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Newbie with some boiler questions.

Grady
Grady Member Posts: 3
Hello all. Need some advice on purchasing a new oil boiler/water. Here's what I have 2300' ranch home, ALL stone (17" walls) 3 people, 1 main bath. Home was built in 1986. Here' the most important info, it's the older style in floor heat/copper, no basement. 8" concrete. (5" pour, then the copper was laid in 3" cement) We live in Northwestern Pa, The home is insulated well. I use roughly 650 gallons of fuel oil a year!



I have now a Burnham, model 14A-T, installed new in 1992, prior to us buying the home. I have a crack in the flue right by the cover plate in the front. I have an older gentleman/ contractor that has worked on the system for a few years. A good guy but not really up on technology.



This Burnham that we have now REALLY has a hard time keeping up. Example: If it's 32 outside and I want the temp up 1 degree, it literally takes an average of 5-6 hrs of constant on/off running of the boiler. When it gets down into the teens, double that time. Once it gets to the desired temp, it'll maintain fairly well. It just takes so long to get the temp up. No, the heating system is not very practical, the builder was a mason, 3 fireplaces.



From the calculations from a couple of sites, my BTU recommendation is 66,000. My question, with everything that I have explained, should I go a little bigger? Also, I've been researching quite a bit and I think the Burnham MPO-IQ is the boiler that I'd like to go with.......fire away

Comments

  • SWEI
    SWEI Member Posts: 7,356
    That system just calls out for a modulating boiler

    is oil your only fuel option? 
  • Grady
    Grady Member Posts: 3
    edited November 2013
    Unfortunately yes

    That is my only option.
  • BobC
    BobC Member Posts: 5,228
    Hours to raise one degree

    I don't think you can change that.



    You have a very high mass heating system and tons of concrete have to heat up BEFORE you see anything in the room, think of it as a giant flywheel. That type of system is best set at a constant temperature, setbacks are not going to work well because of all that mass.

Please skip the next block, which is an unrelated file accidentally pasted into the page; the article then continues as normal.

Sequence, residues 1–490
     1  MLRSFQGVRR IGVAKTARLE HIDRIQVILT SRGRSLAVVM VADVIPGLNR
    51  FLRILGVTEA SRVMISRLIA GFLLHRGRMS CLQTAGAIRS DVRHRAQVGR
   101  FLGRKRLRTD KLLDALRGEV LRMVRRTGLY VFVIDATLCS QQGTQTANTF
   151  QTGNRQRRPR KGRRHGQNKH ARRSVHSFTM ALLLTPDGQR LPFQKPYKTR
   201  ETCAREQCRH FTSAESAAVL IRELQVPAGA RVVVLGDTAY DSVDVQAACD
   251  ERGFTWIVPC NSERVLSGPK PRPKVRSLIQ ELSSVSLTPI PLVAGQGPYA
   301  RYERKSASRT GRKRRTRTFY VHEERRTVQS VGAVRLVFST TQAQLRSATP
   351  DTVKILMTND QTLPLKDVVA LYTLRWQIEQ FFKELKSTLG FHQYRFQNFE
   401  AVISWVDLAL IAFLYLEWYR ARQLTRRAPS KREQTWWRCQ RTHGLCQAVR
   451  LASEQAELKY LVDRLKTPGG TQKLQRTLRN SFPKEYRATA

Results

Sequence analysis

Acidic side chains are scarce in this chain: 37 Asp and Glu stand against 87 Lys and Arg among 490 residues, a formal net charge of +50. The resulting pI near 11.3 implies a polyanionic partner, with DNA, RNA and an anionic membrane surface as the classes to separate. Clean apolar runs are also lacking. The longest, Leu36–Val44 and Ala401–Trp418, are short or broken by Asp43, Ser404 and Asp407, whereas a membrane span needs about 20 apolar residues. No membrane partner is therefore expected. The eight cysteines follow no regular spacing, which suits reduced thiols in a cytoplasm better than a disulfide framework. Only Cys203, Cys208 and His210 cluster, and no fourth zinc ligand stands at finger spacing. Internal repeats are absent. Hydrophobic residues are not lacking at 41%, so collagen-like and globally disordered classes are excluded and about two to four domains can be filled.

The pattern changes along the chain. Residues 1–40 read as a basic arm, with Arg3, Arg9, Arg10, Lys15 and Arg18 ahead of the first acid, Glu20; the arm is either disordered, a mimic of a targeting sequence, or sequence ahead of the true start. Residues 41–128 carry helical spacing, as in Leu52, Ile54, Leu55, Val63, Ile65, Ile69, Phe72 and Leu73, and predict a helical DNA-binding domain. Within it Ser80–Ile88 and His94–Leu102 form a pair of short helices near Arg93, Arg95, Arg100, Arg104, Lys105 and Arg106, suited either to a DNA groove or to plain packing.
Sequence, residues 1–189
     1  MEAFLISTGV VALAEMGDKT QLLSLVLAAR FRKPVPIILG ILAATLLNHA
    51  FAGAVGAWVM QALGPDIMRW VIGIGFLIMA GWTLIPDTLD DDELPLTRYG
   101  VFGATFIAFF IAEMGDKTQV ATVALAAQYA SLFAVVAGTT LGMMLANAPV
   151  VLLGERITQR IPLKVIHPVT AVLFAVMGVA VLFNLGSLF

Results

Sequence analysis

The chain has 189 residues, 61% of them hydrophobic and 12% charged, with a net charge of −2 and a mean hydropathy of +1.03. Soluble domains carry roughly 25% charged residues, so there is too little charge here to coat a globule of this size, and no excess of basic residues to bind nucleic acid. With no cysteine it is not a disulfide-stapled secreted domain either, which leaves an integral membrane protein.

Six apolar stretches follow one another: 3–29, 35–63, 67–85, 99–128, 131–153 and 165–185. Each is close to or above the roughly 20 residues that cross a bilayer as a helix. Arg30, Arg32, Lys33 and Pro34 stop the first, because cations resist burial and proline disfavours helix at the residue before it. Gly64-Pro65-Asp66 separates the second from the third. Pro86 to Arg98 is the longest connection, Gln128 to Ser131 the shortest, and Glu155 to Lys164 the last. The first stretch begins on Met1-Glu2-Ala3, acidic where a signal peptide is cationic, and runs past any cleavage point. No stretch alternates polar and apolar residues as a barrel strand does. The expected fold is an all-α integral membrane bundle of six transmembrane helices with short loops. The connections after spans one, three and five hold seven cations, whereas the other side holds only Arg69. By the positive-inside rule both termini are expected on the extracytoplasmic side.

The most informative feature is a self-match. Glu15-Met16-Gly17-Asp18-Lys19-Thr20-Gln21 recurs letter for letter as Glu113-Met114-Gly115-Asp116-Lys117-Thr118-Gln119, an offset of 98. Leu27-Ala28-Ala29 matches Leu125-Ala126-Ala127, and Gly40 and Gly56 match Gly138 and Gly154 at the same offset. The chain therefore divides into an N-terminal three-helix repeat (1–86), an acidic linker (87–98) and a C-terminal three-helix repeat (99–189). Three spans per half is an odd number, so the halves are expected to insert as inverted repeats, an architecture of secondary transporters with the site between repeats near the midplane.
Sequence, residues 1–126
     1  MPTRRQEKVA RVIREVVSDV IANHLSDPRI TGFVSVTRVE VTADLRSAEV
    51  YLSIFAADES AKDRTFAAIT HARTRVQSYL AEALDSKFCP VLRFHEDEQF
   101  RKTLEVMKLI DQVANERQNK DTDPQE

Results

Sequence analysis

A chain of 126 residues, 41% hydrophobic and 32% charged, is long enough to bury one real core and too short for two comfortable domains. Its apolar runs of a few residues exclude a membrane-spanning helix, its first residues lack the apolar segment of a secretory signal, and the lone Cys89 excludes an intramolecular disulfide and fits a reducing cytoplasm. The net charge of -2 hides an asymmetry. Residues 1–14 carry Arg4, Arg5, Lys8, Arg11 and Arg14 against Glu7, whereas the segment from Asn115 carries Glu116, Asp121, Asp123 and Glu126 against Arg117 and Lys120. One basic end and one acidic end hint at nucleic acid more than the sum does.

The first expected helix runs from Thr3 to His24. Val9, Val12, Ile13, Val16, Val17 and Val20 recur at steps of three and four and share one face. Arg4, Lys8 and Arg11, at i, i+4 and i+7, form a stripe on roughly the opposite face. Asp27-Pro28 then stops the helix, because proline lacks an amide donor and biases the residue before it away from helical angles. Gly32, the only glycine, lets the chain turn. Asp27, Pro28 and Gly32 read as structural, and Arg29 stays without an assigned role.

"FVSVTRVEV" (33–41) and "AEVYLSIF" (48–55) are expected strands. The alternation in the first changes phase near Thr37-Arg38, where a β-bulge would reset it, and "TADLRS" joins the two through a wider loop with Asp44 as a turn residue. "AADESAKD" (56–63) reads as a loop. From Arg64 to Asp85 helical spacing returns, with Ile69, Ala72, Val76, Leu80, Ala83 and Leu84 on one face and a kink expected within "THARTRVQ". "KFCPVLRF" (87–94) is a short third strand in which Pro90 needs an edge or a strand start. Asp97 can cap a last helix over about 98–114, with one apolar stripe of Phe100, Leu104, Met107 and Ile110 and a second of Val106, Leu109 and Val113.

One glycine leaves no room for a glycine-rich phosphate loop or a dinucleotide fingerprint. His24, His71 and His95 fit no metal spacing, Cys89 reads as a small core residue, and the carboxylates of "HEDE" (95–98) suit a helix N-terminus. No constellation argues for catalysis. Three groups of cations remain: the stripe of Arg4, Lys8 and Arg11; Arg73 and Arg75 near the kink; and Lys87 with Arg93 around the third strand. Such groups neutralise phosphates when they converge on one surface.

Bob
    Smith G8-3 with EZ Gas @ 90,000 BTU, Single pipe steam
    Vaporstat with a 12oz cut-out and 4oz cut-in
    3PSI gauge
  • Jean-David Beyer
    Jean-David Beyer Member Posts: 2,666
    BobC is right.

    My downstairs is heated by the slab at grade with copper tubes in it. Before I got interested in heating, especially hydronic heating, I got a fancy Honeywell thermostat that let me have four different temperatures each day of the 7-day week. I.e., I could have 28 different temperatures each week.



    I thought I would save lots of money by using setback at night, and when I was away.



    It turns out that if I change the temperature of the indoor thermostat, it takes 4 to 8 hours for the slab temperature to change significantly, and about 24 hours for the system to stabilize at the new temperature.



    I have since gotten a new mod-con boiler with outdoor reset. It is set to provide barely enough heat to make up the heat loss, so the thermostat can call for heat for 18 hours a day sometimes. Thus, even though the boiler can produce about twice as much heat as I need when it is 14 degrees below design temperature, I cannot make it change the temperature of that slab rapidly. I suppose I could change it faster if I had it put steam into the slab, but that would be crazy. I do not ever want to put over 120F in there for very long.



    I solved the problem by not using setback at all. If that thermostat quit, I would replace it with the simplest digital thermostat I could get: one with no setback at all. If they even make such a thing. I have it set to do about 1 cycle per hour.
  • Grady
    Grady Member Posts: 3
    Constant Temp

    Bob, what is the best way to achieve that constant temp?
  • BobC
    BobC Member Posts: 5,228
    Constant temperature

    I think the best way to deal with a very high mass system like yours is to select a temperature you are comfortable and set it there, 68-70 or 72 find one that works and leave it there.Make sure you find and fix any drafts that occur when the wind blows. If you have a tight envelope you should be fine.



    The Burnham MPQ is a great boiler but I don't know if it's the right one for you. Find an installer you can trust and make sure he knows that comfort is your first concern and ask him what the best boiler would be for YOUR situation at a price point you can live with, you don't want someone installing something that on special at the wholesaler that month. It may cost more than you want but if it's done right it will last a LONG time and you won't get nickel and dimed to death searching for fixes on a botched install.



    See if there is anyone listed on "Find a contractor" section of this site.



    Bob
    Smith G8-3 with EZ Gas @ 90,000 BTU, Single pipe steam
    Vaporstat with a 12oz cut-out and 4oz cut-in
    3PSI gauge
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